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Balbir Singh: The Legend with a heart of gold

Balbir Singh Senior spent a major part of his life in Chandigarh post retirement

Written by Nitin Sharma | Chandigarh |
Updated: May 26, 2020 11:09:22 am
Balbir Singh: The Legend with a heart of gold Balbir Singh on the field in Chandigarh. (Express archive)

From winning three consecutive All India University titles in the 1940’s for the then Punjab University in Lahore to becoming one of India’s most successful Olympians, Balbir Singh Senior spent a major part of his life in Chandigarh post his retirement as a player. Apart from working in the Punjab Sports department, the hockey legend also organised the training camp for the 1975 World Cup winning Indian hockey team at Panjab University, Chandigarh. Here’s a look at Senior’s Chandigarh connection and excerpts from his autobiography “The Golden Hat-trick”.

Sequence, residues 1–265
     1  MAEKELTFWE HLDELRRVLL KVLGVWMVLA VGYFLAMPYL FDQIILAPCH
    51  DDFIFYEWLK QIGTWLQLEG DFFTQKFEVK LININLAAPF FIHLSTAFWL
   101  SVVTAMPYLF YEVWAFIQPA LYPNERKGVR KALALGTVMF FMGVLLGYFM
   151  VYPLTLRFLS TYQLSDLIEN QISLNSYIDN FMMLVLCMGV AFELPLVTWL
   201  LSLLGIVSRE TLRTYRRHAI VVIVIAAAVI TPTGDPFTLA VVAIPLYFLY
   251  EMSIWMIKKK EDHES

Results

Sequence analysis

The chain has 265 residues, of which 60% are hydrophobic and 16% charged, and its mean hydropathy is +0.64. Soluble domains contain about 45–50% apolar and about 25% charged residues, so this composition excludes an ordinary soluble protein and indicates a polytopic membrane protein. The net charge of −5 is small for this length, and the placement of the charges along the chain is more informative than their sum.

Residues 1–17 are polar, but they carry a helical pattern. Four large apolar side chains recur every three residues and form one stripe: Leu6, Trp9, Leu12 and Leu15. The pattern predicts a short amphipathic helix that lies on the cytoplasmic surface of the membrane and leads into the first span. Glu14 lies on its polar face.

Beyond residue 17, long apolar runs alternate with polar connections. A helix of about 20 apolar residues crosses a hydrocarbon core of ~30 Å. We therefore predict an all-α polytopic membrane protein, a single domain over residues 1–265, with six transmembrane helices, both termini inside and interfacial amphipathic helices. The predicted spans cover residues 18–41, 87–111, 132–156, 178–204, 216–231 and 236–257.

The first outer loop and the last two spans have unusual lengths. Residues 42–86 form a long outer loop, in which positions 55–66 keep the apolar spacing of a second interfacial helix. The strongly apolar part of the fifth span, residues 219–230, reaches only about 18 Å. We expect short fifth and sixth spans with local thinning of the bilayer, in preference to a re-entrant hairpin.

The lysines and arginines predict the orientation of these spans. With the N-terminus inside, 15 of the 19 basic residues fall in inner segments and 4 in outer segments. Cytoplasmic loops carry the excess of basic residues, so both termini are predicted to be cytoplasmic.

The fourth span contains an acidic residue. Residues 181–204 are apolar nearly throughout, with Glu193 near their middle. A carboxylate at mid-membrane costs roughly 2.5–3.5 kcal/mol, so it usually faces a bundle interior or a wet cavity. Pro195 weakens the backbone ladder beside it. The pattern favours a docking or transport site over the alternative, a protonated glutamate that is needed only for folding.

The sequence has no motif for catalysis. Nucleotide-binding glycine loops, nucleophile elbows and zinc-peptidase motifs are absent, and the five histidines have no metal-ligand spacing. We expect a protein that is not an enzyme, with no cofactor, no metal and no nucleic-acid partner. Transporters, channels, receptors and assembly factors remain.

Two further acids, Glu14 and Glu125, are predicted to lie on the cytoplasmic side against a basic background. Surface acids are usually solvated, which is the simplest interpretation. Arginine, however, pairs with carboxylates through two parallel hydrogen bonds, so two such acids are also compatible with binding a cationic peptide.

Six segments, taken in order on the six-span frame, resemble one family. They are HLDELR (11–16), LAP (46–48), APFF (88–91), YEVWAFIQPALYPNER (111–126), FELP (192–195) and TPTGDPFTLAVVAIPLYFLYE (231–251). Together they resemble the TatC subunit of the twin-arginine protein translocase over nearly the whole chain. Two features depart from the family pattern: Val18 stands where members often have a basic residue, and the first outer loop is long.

Leaving Punjab Police and joining Punjab Sports department

Senior, who had joined Punjab Police in 1945 as ASI, quit the Punjab Police department in 1961 after guiding their hockey team to six national titles. Singh joined the Punjab Sports department at Chandigarh as deputy director sports and retired from the department as director sports on December 31, 1982, the same day as his birthday. Singh had also worked with 1958 Commonwealth Games gold medallist Milkha Singh and his wife and former Indian volleyball captain Nirmal Kaur in the Sports department.

Read | ‘Hockey meri te is desh di jaan hai’

“Both me and Balbir Singh Senior had joined as deputy director of sports as the then Punjab CM Pratap Singh Kairon wanted us to work for the betterment of sports in Punjab. Later, when the Indian team came with the 1975 World Cup Trophy, we organised several welcome functions for them. My wife too worked in the Sports department. Both of us have fond memories of working along with Balbir Singh Senior and he remains to be the best hockey player in the world after Dhyan Chand. We worked together for over 25 years. He was very close to me. His loss is the biggest loss for players as well the nation,” said Milkha Singh.